We've saved the whales, at least some of them.
Now, scientists say, we have a chance to save the rest of the life in oceans by expanding what's already happening around the globe.
"A lot of us have chronicled ocean depletion over the years," said Boris Worm, a marine ecologist at Dalhousie University in Halifax and a co-author of a paper published Wednesday in Nature.
"A lot of us, recently, have seen signs of hope. Not to say that the world is getting better wholesale. But there are now hundreds and hundreds of examples that when we do something, the ocean displays remarkable resilience."
Worm and his 14 international co-writers take care to list the formidable challenges that the world's oceans face.
At least one-third of fish stocks are over-harvested. A similar fraction of crucial marine habitat has been lost.
The seas continue to get warmer, more acidic, more oxygen-deprived and more polluted. Up to 12 million tonnes of plastic is added every year.
But the paper concludes local and regional conservation efforts are adding up.
Commercial fishing pressure is starting to decline. Controls on fertilizer and sewage dumping instituted years ago are paying off.
In 2000, less than one per cent of the Earth's oceans had some form of legal protection. Now the figure is almost eight per cent — double that in Canada.
Nearly half of 124 marine mammal species are increasing, some significantly. The proportion of fish stocks that are fished sustainably increased to 68 per cent in 2012 from 60 per cent in 2000.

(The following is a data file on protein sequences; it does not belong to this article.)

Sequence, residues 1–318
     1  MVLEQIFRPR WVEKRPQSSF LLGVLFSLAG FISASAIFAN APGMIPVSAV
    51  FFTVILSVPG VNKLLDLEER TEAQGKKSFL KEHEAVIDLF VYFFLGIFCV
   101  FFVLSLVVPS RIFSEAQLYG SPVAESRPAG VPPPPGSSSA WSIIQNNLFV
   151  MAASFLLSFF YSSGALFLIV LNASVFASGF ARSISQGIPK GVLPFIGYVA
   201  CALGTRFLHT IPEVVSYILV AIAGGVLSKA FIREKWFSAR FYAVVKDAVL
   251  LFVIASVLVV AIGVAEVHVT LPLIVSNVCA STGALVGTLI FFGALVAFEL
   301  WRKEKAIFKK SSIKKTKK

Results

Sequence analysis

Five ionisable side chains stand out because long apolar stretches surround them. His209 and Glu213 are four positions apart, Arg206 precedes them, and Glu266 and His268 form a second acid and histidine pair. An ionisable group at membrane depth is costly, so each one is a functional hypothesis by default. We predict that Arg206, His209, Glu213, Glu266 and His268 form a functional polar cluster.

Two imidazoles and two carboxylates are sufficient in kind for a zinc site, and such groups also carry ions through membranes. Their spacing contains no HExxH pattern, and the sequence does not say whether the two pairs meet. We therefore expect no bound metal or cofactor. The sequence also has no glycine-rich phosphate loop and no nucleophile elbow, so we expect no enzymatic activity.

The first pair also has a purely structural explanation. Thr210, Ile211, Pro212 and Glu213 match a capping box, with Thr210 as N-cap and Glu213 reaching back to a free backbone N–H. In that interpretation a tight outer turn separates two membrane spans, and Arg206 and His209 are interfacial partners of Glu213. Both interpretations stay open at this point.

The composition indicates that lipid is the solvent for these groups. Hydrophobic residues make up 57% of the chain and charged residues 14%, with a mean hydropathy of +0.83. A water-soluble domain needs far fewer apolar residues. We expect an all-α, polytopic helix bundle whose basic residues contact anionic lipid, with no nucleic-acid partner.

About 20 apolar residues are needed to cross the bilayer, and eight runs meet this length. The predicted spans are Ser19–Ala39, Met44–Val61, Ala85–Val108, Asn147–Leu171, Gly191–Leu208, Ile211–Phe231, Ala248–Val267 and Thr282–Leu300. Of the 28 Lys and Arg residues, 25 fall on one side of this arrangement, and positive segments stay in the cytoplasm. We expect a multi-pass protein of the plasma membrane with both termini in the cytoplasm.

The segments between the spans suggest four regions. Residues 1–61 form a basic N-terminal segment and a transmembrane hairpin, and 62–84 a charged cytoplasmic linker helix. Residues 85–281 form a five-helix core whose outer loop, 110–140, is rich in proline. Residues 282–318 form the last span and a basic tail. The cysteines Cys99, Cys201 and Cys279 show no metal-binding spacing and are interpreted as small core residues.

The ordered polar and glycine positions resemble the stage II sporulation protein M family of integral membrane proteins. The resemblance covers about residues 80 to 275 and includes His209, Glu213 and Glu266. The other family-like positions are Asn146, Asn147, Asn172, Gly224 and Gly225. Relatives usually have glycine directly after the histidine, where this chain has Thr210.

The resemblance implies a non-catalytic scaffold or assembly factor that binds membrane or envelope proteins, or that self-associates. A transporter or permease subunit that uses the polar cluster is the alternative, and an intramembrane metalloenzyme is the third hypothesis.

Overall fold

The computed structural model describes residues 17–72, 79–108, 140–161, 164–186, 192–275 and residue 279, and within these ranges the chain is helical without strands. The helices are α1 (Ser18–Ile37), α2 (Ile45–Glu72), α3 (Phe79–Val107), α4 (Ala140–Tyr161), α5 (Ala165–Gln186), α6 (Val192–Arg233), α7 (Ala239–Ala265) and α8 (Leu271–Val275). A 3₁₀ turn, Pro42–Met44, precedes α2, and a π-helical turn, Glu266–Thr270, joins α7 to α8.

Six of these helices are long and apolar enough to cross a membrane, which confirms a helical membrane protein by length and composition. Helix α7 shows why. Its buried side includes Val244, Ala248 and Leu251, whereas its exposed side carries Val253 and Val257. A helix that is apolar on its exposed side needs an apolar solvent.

Species such as humpback whales have been restored to their historic baseline.
Particularly heartening is the rebirth of what Worm calls "marine infrastructure" — habitats such as mangrove swamps, kelp forests and seagrass beds that host much undersea life as well as provide important flood protection for coastal communities.
"Even habitat loss is less prevalent than it was before."
Worm said hundreds of examples worldwide prove that when governments, industry and communities decide to improve the oceans, they're successful.
"We see local efforts that lead to local improvements. We have global examples as well, species that are crossing international boundaries, that were close to extinction, that have rebounded — in some cases, manyfold."
Elephant seals, for example, are a thousand times more abundant than they once were.
Worm and his co-authors conclude that despite all the justified concern over the seas, their ecosystems could be substantially rebuilt by 2050. That's if — and it's a big if — governments and societies take the willingness they've already shown to address problems and focus it on a big issue: climate change.
"We need to do a bunch of things we've been doing all along. But we also have to really deal with climate change."
It would cost the world up to about $28 billion a year to protect enough ocean to have an impact on half of it, the paper concludes. It says the economic return in fisheries and other industries such as ecotourism would be about 10 dollars for every one invested.
"This is absolutely doable," Worm said.
"What we really hope is that this provides some good news and more than a glimmer of hope at a time when there's a lot of despair about facing our global challenges.
"There's reason to be concerned. But there's literally hundreds and hundreds of examples of ocean recovery. Let's scale up what we have done locally to a global level."
This report by The Canadian Press was first published April 1, 2020
Bob Weber, The Canadian Press